A brownfield property is a site that has hazardous waste or contaminants. Cleaning up these properties can have many benefits for local economies, such as taxes and jobs. Brownfield properties can:
- Improve the environment by cleaning up land and lessons learned from previous development.
- Brownfields can help add to local businesses, jobs, property values, and tax revenues.
- Brownfields have been used for many things including parks, housing developments, and shopping centers.
Brownfields are dealt with every day in America. Brownfields must be cleaned up when they become hazards to people. They are often developed for commercial use or for housing developments. Brownfield cleanup projects provide jobs and tax revenues to the city, county, and state governments. These areas must be cleaned up in an environmentally safe way to protect people and buildings nearby from contamination exposure.
Situations that Lead to Brownfield Sites
What sort of situation could lead to a brownfield site? Two typical situations are when something is spilled on a piece of land and also when a building has been destroyed by fire. Here are some typical situations:
- Sites with buildings that are empty or have companies in them that do not care about the building value. They leave trash around, causing the area to look run-down and unsafe.
- Old gas stations where fuel tanks were leaking at some point, may still be toxic today.
- Factories that use chemicals that cause hazardous waste are called brownfields.
- Factories that produce chemicals that affect the air we breathe or can enter our water system, and cause harmful effects to us.
- Old military facilities where missiles could have leaked toxic materials into groundwater or soil on site.
Specific Examples of Brownfield Cleanup Sites
The following are examples of what the EPA and state governments have done to clean up brownfields.
- The California Department of Toxic Substances Control has cleaned more than a thousand properties since 1992, including a toxic dump site turned into a public park in Los Angeles.
- The Environmental Protection Agency has cleaned up a power plant site in western Kentucky into a shopping center, movie theater, restaurants, and condominiums.
- The Federal Government is helping to clean up 1,000 Brownfield sites in 37 states by 2010. The program aims to stimulate economic growth in the country by cleaning up sites and using them for new development.
Cost to Clean Up Brownfields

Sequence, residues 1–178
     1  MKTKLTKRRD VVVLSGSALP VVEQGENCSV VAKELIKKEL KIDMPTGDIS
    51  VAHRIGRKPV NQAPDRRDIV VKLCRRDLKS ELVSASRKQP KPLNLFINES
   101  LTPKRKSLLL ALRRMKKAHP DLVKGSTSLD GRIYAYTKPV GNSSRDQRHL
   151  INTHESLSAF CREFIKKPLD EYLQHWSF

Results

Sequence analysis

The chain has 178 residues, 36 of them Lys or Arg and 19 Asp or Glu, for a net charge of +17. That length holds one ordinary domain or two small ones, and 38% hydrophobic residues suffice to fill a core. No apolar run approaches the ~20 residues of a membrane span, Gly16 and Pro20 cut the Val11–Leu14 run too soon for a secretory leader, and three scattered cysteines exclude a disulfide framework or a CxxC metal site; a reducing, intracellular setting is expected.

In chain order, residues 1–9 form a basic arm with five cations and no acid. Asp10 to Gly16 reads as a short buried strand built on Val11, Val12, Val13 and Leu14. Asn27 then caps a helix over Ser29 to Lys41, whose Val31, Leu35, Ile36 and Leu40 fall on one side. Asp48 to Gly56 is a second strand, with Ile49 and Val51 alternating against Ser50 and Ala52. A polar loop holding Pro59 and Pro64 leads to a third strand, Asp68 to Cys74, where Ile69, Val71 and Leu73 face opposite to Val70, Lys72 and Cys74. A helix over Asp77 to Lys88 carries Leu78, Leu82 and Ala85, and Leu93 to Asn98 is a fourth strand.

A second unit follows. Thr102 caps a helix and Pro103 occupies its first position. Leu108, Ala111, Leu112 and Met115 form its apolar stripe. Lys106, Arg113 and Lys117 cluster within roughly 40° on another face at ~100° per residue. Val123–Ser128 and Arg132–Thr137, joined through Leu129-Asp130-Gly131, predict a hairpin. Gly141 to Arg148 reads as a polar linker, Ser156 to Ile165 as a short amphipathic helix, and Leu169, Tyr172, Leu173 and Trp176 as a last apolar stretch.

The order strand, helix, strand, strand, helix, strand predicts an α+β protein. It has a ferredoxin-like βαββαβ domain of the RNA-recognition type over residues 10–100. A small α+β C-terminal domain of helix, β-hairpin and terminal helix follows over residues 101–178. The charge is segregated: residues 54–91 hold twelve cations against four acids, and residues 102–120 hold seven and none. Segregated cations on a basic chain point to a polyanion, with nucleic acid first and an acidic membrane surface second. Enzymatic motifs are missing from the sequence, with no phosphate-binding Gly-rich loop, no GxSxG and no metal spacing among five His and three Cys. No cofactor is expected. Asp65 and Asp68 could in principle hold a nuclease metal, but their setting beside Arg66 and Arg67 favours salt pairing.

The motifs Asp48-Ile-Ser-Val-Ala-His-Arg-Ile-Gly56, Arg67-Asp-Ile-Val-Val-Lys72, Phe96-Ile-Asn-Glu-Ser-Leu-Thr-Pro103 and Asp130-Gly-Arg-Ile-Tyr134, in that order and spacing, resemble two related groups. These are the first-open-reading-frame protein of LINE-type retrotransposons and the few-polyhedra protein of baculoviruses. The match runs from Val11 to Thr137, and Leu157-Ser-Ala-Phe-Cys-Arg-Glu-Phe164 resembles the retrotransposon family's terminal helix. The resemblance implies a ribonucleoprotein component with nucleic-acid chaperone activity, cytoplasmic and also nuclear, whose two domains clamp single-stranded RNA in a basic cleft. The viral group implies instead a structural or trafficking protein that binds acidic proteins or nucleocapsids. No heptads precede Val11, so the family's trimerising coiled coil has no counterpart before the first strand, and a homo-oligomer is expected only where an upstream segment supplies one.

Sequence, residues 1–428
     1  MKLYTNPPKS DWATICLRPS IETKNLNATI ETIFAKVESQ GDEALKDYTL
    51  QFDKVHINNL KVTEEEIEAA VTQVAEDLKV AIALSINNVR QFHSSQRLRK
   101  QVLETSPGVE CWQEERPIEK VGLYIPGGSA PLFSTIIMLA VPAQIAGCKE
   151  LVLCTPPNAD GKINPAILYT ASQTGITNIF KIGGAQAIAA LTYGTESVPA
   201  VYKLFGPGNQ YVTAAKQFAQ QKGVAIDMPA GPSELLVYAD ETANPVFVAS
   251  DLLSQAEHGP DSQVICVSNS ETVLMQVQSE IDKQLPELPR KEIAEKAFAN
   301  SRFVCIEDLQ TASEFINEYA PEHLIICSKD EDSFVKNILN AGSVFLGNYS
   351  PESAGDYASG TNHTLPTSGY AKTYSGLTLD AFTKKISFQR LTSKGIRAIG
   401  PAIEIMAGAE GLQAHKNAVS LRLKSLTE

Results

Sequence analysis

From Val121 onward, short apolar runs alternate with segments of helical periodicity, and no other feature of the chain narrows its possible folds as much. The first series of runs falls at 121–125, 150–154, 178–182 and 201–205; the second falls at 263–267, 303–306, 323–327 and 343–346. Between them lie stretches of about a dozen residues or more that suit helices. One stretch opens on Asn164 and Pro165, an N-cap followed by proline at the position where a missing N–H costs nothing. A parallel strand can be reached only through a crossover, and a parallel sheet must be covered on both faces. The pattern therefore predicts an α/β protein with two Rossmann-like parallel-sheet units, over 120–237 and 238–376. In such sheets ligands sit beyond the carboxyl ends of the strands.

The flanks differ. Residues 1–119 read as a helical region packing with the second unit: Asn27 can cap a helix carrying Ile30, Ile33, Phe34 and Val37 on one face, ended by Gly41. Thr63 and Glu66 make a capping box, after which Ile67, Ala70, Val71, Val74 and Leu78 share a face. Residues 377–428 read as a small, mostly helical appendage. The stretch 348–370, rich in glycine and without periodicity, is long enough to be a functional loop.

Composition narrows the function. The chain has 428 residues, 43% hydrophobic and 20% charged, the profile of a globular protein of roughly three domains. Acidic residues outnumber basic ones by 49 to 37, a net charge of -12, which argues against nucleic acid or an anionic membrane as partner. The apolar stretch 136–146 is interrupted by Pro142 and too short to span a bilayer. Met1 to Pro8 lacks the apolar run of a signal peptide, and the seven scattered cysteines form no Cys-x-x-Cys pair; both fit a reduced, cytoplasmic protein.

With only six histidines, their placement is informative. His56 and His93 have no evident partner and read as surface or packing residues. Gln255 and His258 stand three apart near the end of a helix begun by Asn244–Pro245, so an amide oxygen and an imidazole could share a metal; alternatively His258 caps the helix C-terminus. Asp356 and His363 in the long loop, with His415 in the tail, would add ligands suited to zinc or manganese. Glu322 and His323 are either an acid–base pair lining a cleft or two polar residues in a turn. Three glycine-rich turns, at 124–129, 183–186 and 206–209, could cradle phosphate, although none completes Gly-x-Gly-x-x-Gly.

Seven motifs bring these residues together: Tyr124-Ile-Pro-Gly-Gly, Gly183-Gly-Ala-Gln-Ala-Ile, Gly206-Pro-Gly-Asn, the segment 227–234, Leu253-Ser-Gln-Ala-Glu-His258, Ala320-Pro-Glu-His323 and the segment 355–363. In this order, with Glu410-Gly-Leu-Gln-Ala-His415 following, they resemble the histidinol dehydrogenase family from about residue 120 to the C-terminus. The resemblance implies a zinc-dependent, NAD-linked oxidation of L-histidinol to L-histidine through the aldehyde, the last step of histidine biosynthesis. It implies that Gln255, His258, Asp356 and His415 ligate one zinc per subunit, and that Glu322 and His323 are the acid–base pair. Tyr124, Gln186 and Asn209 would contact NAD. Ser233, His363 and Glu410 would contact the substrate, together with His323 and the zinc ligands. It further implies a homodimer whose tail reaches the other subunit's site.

The cost to clean up a brownfield depends on how much work and time it takes to clean up. It can take hundreds of millions of dollars to clean up a brownfield property. The cost to cleanup depends on how much of the property needs to be cleaned and restored, plus how long it takes to complete the process. It also depends on local laws and regulations that may affect clean up work.
The Environmental Protection Agency provides financial grants for brownfields cleanup projects through its Brownfields Program. Property owners who need help with demolition, site preparation or cleanup costs may qualify for grants.
Walking Through a Brownfield Cleanup
Cleanup actions may include things like taking survey samples and testing the soil or groundwater to identify specific contaminants. Once these are identified the cleanup plan can begin. Contaminants may be treated by removing them from the soil with special equipment. Contaminants may also be treated in another way. The soil and groundwater might need to be cleaned up by placing a barrier between the contaminated area and the clean air, water or soil.
The process for cleaning up the area is:
- Identify hazardous waste site problems.
- Assure public health and safety.
- Remediate contaminants, fences, and buildings are removed.
- The site is redeveloped.
How to Prevent Contamination from Spreading Further
In order to prevent contamination from spreading further, you may need to build a wall around the contaminated area. The wall is called a Pile or Boundary Wall. It keeps contaminants from spreading further and protects people living nearby.
In order for the containment process to begin, the government has to purchase and own the property where a contamination problem exists and must identify it as an area that needs containment. They will work with owners, businesses and/or individuals in the area to determine what type of barrier is needed.
When a pile or boundary wall is used to contain contamination from spreading further it can be made out of materials like soil, stone, rock or concrete. The government agency involved in the cleanup process usually takes care of the containment costs.
Property owners and businesses are not responsible for paying for cleanup actions or containment measures unless they caused the contamination. In this case, property owners might be asked to share in the cost of cleaning up contaminated property.
Although brownfields are a concern and can be dangerous, the government is working to clean them up so they can be used for new businesses. In addition, local governments can use federal money to develop brownfield sites into parks or sports fields and provide a safer place for kids to play.
With the help of the government, brownfield sites can be cleaned up and used for new business development or public use, while at the same time protecting people's health and safety. These sites provide great opportunities for jobs and economic growth.